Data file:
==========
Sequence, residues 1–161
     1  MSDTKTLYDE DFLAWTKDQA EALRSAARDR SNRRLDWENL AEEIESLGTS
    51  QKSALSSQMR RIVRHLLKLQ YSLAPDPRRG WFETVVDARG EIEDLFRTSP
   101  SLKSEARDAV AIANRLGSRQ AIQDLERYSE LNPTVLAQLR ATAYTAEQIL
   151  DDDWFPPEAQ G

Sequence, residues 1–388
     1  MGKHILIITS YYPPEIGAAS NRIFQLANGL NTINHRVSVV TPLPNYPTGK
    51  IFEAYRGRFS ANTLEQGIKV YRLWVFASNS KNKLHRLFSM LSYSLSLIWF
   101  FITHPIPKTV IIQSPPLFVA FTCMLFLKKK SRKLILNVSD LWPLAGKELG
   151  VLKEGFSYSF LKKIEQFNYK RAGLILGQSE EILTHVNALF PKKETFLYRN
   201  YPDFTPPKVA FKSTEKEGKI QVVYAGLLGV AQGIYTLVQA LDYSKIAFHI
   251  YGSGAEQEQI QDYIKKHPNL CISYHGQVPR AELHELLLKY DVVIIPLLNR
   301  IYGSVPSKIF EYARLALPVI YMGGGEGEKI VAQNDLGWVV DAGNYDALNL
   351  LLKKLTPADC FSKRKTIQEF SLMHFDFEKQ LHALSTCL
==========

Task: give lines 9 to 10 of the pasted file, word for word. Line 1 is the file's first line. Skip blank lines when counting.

   101  FITHPIPKTV IIQSPPLFVA FTCMLFLKKK SRKLILNVSD LWPLAGKELG
   151  VLKEGFSYSF LKKIEQFNYK RAGLILGQSE EILTHVNALF PKKETFLYRN